I have done a search of a website that has the scripts from the original Star Trek series. I think there are more lines with the word computer than there are lines by Lt. Uhura in the entire show. I don't know if MLK regarded the technological background of the show as a significant factor but he grew up without television. I find it difficult to imagine childhood without TV and now kids will take computers for granted, but will they have any understanding of how they work?
The people who write history books usually focus on people instead of technology but it is the technology which gave the people THE POWER to do the things they did. Suppose the American Indians had been technologically advanced when Europeans showed up. Imagine Christoper Columbus sailing up to the shores of America and standing on the beach are Geronimo and Sitting Bull with AK-47s. How would that have affected the so called course of history. Of course that raises the question of what kind of culture the Indians would have had if men casually walked around with AK-47s. But my point is that the last 600 years of history is based on who had technology and who didn't, so the future is going to be based on who understands technology and who doesn't.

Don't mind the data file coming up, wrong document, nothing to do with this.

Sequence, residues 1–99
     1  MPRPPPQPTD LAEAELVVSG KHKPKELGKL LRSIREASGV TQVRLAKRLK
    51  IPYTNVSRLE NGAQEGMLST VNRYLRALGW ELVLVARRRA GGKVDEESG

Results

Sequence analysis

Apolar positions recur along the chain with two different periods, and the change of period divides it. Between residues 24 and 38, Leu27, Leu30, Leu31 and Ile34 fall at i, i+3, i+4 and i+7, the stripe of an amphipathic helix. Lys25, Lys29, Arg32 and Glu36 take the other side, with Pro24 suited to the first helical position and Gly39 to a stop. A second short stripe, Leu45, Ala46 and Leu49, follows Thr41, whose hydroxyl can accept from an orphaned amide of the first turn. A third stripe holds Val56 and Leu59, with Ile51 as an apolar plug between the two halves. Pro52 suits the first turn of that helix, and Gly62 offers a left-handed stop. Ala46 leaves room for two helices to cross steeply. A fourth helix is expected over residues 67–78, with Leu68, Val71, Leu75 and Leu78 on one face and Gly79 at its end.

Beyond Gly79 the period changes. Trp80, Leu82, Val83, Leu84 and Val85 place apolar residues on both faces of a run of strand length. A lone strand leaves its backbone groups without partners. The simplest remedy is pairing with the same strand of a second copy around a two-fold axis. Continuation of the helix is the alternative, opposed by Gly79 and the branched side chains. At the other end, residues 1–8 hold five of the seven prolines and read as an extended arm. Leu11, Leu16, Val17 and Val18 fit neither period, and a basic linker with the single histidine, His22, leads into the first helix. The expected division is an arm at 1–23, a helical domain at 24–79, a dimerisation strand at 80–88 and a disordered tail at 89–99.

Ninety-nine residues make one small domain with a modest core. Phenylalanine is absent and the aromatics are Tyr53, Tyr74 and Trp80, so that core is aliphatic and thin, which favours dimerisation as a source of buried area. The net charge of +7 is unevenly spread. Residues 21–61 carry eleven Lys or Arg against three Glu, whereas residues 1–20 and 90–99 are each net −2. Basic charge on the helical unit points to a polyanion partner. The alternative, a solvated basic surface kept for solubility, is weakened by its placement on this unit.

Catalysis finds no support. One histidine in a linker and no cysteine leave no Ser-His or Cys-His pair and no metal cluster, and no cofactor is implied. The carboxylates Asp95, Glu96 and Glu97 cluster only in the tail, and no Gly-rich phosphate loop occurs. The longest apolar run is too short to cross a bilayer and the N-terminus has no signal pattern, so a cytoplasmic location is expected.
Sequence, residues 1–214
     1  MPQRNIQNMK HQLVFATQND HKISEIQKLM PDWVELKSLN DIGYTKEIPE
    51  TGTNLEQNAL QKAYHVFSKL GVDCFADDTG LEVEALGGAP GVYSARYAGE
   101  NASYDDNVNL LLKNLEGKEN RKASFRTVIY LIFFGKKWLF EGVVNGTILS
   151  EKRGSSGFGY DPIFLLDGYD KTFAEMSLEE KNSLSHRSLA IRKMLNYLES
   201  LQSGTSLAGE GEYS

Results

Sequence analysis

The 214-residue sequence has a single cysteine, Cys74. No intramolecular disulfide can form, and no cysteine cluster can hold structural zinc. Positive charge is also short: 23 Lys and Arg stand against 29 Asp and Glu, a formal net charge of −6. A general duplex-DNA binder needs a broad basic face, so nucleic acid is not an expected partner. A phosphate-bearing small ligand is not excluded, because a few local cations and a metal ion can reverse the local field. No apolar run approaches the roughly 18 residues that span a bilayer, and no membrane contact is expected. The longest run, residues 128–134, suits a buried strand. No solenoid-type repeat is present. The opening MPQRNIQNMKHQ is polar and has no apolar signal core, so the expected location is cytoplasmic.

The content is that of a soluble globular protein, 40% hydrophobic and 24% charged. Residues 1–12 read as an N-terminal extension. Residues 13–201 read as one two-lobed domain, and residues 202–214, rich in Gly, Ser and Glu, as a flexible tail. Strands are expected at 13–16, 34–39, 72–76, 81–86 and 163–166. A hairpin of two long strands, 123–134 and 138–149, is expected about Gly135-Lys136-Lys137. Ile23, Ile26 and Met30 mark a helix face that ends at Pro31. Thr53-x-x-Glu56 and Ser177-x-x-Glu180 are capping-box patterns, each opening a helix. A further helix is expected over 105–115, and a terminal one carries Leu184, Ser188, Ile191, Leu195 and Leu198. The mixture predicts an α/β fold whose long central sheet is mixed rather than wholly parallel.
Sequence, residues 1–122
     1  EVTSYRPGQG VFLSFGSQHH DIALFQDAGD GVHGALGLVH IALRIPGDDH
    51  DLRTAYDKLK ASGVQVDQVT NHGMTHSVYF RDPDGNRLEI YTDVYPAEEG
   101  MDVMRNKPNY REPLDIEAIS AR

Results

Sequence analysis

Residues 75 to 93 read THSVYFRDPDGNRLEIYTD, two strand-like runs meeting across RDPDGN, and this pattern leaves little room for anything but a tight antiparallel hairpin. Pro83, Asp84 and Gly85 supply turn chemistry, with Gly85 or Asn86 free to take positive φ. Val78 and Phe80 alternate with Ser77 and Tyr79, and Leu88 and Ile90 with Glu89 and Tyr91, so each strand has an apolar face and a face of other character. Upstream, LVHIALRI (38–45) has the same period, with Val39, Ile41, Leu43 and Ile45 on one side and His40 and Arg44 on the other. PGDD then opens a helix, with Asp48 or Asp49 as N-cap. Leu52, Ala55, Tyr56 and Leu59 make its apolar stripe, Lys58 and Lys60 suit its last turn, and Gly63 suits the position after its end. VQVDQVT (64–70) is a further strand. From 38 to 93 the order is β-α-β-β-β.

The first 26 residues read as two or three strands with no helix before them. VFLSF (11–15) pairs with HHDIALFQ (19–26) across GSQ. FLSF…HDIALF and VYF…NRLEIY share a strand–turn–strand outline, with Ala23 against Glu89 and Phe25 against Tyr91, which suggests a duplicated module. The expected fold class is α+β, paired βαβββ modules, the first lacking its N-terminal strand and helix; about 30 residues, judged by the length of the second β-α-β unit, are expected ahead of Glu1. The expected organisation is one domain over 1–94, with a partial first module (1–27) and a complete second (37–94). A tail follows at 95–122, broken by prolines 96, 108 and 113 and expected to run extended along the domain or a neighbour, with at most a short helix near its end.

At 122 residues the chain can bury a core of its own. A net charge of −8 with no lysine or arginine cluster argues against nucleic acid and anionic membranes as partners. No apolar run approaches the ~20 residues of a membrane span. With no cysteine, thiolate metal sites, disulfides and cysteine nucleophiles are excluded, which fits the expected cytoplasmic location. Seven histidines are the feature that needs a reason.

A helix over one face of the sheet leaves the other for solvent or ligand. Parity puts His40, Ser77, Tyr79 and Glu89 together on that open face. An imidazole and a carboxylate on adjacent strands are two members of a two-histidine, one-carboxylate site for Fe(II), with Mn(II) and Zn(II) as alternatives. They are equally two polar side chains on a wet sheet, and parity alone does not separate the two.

I have read Souls of Black Folk. I even downloaded it to my computer once because I wanted to search for something without reading the book again. There was a place where Du bois talked about Black men buying buggies when they could have been buying land. He was thinking about wealth and depreciation. I don't think Du Bois was a dummie just because I didn't include him. I included books specifically about economics which you also ignored.
quote:Any sufficiently advanced technology is indistinguishable from magic. - Arthur C. Clarke
And not so well known:
quote:90% of everything is crud. - Theodore Sturgeon
quote:On one level, sure, sci-fi attracts the kids and the chicken-head-eating-geek adults who love to see cool spaceship battles, and B5 does a good job at providing that for them. But behind the makeup and the sets is a series unlike any that's aired on television -- a five-year novel for television that's as mature, adult, and engrossing as NYPD Blue or Homicide or any of the other great dramas on the air today.
The majority of what is called sci-fi is mediocre to grabage, usually thrown together to make some money off the uncritical. The opinions of people that are not "into sci-fi" are usually based on this dreck.